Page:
Colorado health insurance rates climb next year
Colorado residents who buy their health insurance through the state stock exchange — not through an employer — will see their rates rise by 10.4% next year. Rates will increase by 7.4% for small employers with up to 100 employees.
The Colorado Division of Insurance announced final rates for 2023 on Tuesday. Open enrollment runs from November 1 through January 15, 2023.
Consumers now have the ability for the first time to purchase a plan through the Colorado Option, a quasi-public health insurance program that has been a priority of Governor Jared Polis’ administration.
The program “provides participants with a better understanding of what they are paying for and prioritizes mental and physical well-being intended to better support total well-being,” said Lieutenant Governor Dianne Primavera, who also leads the Office. to save people money on health care.
The administration has touted what it calls “innovative programs,” created with state lawmakers, that can save $326 million statewide on individual health insurance plans for next year. . This includes the state’s reinsurance program, which helps insure insurers, the Colorado Option, and the Division of Insurance’s rate review process. He said the programs “result in substantial savings”.
A consumer health group said rural consumers will generally face higher increases. He noted that the increases followed Bright Health’s exit from the market, which means around 55,000 Coloradans will need to change their insurance plans.
“After several years of fairly stable health insurance prices, consumers in Colorado are going to feel these increases, especially in rural areas,” said Mannat Singh, executive director of the Colorado Consumer Health Initiative. “Insurers and hospitals are not trying hard enough to meet the reductions required for some Colorado Option plans, but rather are setting a baseline for not meeting targets without reasonable justification.”
More than 300 plans in the state
According to the state’s insurance division, there will be 337 individual plans available statewide. This will include plans offered through the Colorado option, in bronze, silver, and gold metal tiers. Plans are roughly evenly split between those available through Connect for Health Colorado, the state’s health insurance exchange, and those sold directly by insurance companies. Subsidies to make insurance more affordable are only available when signing up through the exchange.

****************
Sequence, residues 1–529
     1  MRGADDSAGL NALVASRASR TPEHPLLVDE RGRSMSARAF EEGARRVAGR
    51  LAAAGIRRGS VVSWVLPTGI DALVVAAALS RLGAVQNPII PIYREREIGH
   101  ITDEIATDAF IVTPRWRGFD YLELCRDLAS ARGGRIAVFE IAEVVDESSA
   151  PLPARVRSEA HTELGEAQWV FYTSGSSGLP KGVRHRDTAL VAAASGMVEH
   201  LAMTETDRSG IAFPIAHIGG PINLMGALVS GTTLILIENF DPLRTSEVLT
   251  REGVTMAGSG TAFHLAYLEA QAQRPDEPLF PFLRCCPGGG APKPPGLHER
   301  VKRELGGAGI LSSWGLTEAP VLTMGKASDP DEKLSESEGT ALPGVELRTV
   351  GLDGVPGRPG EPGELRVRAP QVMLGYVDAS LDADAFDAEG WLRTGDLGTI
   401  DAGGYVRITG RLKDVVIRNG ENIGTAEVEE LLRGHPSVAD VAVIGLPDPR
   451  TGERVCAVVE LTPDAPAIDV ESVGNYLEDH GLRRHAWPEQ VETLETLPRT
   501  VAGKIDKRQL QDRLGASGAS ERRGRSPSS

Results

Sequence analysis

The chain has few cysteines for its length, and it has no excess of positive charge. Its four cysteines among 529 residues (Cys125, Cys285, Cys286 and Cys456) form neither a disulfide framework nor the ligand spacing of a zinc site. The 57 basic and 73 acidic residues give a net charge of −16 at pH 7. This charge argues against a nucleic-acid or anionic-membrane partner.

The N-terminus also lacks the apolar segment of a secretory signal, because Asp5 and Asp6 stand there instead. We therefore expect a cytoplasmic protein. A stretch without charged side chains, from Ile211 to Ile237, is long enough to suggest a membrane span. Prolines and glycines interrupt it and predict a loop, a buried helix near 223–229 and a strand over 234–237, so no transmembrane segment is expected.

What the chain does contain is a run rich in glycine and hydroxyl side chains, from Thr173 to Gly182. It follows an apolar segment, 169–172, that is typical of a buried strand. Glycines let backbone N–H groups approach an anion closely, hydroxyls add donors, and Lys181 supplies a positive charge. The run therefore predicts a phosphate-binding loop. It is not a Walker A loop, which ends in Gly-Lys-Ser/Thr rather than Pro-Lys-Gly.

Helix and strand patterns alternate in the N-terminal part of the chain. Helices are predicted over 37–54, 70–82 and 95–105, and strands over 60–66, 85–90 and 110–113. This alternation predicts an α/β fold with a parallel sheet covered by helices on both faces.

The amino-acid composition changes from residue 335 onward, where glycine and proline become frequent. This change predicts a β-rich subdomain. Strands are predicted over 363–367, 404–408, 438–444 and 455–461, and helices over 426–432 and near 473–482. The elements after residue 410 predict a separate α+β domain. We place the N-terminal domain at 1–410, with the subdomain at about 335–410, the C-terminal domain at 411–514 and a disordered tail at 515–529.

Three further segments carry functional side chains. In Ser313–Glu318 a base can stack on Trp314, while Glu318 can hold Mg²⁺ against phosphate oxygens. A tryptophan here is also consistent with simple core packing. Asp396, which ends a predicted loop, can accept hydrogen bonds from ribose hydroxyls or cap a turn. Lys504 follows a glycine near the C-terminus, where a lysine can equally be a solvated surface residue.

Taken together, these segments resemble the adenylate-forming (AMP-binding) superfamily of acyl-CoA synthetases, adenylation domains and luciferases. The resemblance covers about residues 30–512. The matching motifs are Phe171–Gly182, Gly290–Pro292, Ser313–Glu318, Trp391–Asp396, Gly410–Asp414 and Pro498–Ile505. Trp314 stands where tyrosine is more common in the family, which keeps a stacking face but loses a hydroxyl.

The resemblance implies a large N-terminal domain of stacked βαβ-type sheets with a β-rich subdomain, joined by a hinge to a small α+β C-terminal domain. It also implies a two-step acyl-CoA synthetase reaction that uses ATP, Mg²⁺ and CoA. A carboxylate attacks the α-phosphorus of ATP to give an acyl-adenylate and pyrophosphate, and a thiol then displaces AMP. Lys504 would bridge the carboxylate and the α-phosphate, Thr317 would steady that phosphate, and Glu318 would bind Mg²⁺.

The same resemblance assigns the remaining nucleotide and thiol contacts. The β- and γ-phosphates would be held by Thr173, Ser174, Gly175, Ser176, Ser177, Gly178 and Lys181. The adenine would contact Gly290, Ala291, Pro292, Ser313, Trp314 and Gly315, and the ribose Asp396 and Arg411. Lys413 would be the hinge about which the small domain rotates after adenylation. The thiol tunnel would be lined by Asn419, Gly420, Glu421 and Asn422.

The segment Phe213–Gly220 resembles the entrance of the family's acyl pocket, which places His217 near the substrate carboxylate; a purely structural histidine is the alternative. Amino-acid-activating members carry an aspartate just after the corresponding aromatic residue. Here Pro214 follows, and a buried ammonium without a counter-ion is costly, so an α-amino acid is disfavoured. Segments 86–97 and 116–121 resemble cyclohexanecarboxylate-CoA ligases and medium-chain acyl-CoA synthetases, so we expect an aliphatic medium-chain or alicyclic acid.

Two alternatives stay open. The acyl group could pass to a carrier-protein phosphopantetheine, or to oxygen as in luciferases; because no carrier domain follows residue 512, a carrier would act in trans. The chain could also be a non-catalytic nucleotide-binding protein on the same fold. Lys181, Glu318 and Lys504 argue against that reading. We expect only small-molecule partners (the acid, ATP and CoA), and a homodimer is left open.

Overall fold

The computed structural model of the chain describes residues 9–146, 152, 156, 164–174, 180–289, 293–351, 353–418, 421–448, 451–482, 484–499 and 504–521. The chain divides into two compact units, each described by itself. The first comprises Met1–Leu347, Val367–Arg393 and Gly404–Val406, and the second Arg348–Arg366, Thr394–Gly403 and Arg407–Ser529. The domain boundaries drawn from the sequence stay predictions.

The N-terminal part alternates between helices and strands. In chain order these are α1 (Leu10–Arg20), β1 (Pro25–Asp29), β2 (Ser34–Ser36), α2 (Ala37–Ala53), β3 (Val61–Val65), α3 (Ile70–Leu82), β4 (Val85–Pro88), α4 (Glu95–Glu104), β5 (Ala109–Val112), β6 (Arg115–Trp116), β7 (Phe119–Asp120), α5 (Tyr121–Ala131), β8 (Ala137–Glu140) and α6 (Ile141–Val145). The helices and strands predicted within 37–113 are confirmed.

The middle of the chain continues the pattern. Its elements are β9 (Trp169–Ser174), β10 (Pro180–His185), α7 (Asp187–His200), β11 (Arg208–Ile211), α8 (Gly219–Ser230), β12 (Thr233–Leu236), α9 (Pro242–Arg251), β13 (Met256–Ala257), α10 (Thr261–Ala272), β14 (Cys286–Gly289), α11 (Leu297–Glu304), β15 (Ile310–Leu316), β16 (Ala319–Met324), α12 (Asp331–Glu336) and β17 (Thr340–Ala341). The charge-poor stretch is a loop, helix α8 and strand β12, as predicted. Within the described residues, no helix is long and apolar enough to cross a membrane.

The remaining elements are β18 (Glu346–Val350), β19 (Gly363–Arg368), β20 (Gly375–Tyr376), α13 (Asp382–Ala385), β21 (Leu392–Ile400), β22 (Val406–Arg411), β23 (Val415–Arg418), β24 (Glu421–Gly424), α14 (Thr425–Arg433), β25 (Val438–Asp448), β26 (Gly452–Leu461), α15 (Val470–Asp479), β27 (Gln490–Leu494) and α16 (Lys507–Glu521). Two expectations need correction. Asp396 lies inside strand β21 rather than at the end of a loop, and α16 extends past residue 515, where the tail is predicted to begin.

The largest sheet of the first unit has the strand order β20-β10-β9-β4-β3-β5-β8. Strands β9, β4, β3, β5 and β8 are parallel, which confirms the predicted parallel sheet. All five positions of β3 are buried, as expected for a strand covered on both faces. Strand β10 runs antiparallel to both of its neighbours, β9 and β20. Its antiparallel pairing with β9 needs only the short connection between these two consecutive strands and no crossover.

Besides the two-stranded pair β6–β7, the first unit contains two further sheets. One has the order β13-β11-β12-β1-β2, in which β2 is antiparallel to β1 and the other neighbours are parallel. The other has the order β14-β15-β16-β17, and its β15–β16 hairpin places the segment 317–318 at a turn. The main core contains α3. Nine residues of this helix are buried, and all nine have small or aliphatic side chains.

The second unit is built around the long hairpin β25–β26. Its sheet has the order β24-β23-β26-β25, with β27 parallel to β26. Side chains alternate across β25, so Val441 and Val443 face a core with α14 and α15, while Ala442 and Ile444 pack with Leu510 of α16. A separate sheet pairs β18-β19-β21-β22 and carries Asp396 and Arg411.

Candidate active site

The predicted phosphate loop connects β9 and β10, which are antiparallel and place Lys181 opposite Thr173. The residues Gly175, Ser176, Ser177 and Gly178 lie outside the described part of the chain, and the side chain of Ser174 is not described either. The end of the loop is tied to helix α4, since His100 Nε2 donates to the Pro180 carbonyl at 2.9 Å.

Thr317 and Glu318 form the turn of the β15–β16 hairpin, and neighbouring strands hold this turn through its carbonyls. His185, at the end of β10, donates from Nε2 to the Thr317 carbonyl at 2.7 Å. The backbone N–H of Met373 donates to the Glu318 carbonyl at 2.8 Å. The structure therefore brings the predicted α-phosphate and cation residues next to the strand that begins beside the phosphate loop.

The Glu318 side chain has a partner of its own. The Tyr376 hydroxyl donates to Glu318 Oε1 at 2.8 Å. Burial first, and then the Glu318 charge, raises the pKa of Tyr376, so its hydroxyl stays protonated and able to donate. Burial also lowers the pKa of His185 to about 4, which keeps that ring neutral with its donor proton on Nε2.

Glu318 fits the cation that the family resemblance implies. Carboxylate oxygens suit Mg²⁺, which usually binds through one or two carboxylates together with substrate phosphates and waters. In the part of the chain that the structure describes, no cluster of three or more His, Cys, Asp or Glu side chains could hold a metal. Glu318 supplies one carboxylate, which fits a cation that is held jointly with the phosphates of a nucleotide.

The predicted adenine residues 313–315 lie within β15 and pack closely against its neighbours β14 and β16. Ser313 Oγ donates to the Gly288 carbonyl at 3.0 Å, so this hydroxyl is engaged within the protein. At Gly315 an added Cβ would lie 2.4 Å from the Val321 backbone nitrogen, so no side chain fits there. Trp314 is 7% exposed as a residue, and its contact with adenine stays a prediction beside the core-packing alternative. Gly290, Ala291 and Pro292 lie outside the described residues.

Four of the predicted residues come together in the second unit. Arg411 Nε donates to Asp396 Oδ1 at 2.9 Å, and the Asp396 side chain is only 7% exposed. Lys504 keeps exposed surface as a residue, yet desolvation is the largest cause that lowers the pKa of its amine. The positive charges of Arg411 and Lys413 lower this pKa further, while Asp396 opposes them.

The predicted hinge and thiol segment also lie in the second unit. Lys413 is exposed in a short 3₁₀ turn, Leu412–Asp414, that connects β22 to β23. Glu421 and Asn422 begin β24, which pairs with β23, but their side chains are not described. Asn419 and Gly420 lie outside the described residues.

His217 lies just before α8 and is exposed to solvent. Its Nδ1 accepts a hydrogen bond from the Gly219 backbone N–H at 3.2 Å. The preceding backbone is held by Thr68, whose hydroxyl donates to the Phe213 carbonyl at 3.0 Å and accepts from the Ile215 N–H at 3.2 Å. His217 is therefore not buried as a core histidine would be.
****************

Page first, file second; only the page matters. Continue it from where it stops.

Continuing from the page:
Six companies will offer individual plans for 2023: Anthem (as a Colorado HMO), Cigna, Denver Health, Friday Health, Kaiser Foundation Health Plan of Colorado, and Rocky Mountain HMO.
All but one county in rural Colorado (Jackson, which borders Wyoming) has multiple companies offering exchange plans, the division said.
Eleven companies will sell nearly 500 small group health plans, including 48 Colorado Option plans. This category concerns employers with up to 100 workers.
Pushing back on Colorado option plans
A group representing insurers says the new landscape means fewer carriers offering plans, less competition and higher premiums.
The Colorado Association of Health Plans said in a statement that nearly all of the cheapest products on the individual market are not Colorado option plans, but the “non-standardized products designed by health insurance providers who continue to provide choice and affordability to Colorado consumers in an era of unprecedented inflation.
Decisions made by the Polis administration regarding the program “were fundamentally at odds with the stated goal of saving money on health care,” said Amanda Massey, the group’s executive director. “We fully support market-based policies that actually lower costs, but the outcome of Colorado’s first policy shows the administration chose politics over math.”
Another group opposed to the Polis administration’s plan called the new program “difficult”.
“Clearly they are trying to put a positive spin on the failure of this new government-controlled health insurance system,” Colorado’s Health Care Future said in a statement.
Aid and subsidies
The state said consumers can save money by shopping and noted that financial assistance through the federal inflation-reduction action means that more than four in five people who buy coverage through the The state exchange will be eligible for grants in 2023.
“I encourage everyone to visit Connect for Health Colorado to determine what financial assistance they may receive and to purchase the plans that meet their needs,” said Michael Conway, Colorado Insurance Commissioner.
This week, Humana notified local regulators and insurance brokers that they would be exiting the Employer Group’s medical business in Colorado. In a statement, the company said that included about 15,000 people employed in the Colorado Employer Groups Market.
Colorado Politics first reported the change.
Humana did not give a reason. He said the move would not affect health, dental, vision or life insurance plans. All affected plans will end by mid-2024.